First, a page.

INCIDENT COMMAND SYSTEM

An Incident Command System (ICS) is a standardized structure that enables cooperation among and within the government, the private sector, and civil society organizations (CSO) to coordinate operations in times of crisis. The ICS is focused on addressing the most pressing needs of the constituents and ensuring that resources are efficiently used.

The DOH recommends a standard ICS structure (below) organized by the Provincial Government and with representations from the City or Municipal Governments and the Barangay. It is headed by an Incident Commander, followed by a Public Information Office and Liaison Officer. There are four main units in the structure: Planning, Operations, Logistics, and Administrative/Finance Units.

Under the Operations Unit are four sub-units or clusters. The Health Cluster includes the Barangay Health Stations (BHS), Barangy Health Emergency Response Teams (BHERTs), and the City Isolation Units (CIU). The three other clusters are the Food and Social Security Cluster, Peace and Order Cluster, and Management of the Dead Cluster.

Establishing an Emergency Operations Center

In addition to the structure recommended by DOH, the National Task Force against COVID-19 also provides a guide on establishing an Emergency Operations Center (EOC) for COVID-19 at the City or Municipal level. The EOC structure expands the basic ICS template into 16 clusters with respective teams organized under each area.

Emergency Operations Center Organizational Structure Source: National Task Force against COVID-19

The proposed EOC structure (above) is headed by the Local Chief Executive. They are supported by two deputies—one for Administration and Operations and another for Medical Services—who shall work closely with the national agencies concerned with providing technical, administrative and logistics support to the locality. There will also be a Data Collection, Analysis, and Management Section as well as a Secretariat. A total of 16 clusters cover specific tasks related to public health, logistics, communication and engagement with the community, and legal and compliance monitoring.

The goal of establishing such a comprehensive EOC is to create a centralized command system in which there is a lead decision-maker and a corresponding set of teams equipped and prepared to carry out their cluster-specific responsibilities. This ensures a swift and harmonized approach to the management of COVID-19 cases within the community.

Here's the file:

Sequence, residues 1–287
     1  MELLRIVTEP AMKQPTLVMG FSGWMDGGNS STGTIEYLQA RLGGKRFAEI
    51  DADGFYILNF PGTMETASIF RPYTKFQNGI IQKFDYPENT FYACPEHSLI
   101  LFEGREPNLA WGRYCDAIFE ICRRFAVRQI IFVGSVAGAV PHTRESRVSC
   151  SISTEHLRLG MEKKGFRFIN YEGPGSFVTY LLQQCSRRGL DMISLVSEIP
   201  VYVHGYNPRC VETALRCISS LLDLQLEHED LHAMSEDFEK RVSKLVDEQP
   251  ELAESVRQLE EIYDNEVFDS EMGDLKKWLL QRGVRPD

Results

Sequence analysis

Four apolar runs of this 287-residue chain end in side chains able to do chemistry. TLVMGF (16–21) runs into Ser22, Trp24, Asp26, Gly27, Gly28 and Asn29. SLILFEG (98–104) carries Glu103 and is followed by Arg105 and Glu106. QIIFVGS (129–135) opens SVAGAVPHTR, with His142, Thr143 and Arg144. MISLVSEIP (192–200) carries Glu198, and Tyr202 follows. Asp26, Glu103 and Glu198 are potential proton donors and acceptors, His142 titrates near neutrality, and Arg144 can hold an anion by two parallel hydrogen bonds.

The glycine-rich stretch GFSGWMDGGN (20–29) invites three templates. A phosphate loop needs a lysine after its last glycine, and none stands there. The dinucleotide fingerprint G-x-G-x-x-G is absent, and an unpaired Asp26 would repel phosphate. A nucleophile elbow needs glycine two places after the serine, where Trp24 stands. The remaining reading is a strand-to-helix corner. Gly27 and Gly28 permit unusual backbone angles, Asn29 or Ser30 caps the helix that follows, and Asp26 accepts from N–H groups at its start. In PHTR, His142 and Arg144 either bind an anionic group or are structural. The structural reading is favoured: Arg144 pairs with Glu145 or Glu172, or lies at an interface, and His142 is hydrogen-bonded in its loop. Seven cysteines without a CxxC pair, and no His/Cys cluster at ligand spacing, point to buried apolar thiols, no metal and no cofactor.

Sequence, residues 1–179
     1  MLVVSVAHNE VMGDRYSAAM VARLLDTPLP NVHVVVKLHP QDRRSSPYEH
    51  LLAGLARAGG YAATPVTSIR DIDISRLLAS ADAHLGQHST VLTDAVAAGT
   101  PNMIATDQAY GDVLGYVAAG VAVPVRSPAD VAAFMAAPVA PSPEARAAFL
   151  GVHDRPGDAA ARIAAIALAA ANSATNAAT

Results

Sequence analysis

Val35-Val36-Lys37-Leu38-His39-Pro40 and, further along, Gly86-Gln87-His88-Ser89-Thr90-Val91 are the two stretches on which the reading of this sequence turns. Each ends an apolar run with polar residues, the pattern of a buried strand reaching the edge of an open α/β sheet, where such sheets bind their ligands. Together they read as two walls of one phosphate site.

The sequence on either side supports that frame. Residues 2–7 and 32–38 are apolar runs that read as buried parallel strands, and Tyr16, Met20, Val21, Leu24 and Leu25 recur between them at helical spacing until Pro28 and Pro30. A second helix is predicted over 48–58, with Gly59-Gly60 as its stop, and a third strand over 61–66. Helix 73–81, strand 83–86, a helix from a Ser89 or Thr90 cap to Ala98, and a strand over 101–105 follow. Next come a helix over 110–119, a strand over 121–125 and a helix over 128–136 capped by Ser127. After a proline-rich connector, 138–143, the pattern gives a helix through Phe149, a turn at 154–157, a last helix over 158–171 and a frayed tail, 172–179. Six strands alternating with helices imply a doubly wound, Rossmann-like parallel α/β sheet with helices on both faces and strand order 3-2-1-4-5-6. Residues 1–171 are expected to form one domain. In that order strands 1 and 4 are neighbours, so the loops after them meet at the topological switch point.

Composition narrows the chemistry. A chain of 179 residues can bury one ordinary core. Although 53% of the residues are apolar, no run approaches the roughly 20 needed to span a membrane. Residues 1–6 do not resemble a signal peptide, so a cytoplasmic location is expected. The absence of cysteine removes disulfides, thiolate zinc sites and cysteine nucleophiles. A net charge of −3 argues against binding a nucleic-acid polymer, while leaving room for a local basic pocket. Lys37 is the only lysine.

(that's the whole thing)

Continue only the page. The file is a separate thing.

🔍 From the ground: Local practices on establishing an Incident Command System (ICS)

The City Government of Iriga activated an Incident Management Team (IMT) led by Mayor Madel Alfelor. It works hand-in-hand with the local COVID-19 Task Force and the Barangay Health Emergency Response Teams (BHERTs). The IMT is composed of different task forces for contact tracing, case management, transportation, and facility management. They constantly go the community to assess the situation and identify the appropriate interventions and resources needed. The team is also involved in border control planning and implementation together with law enforcement bodies, barangay officials, and city health office personnel.

Mayor Hermie Velasco actively welcomes and follows the input of San Gabriel’s Municipal Health Officer in leading the local response to COVID-19. Although the local chief executive is at the top leadership role, he recognizes that those in the health sector have a better understanding of the public health situation, and he is always ready to support the direction they advocate.

As early as January 2020 upon the report of the first COVID-19 case locally, the City Government of Cagayan de Oro organized the Task Force NCoV which became the main strategists of the city’s COVID-19 response. Working in tandem with the task force is the Incident Command System, extending from the BHERTs at the community level to the City Health Office. It also works closely with the City Health Epidemiological Surveillance System and the Health Emergency Management System.

Citations:

  • Guidelines on Local Isolation and General Treatment Areas for COVID-19 cases (LIGTAS COVID) and the Community-based Management of Mild COVID-19 cases (April 15, 2020), Joint Administrative Order No. 2020-0001.
  • National Task Force against COVID-19, EOC Manual for COVID-19 Response.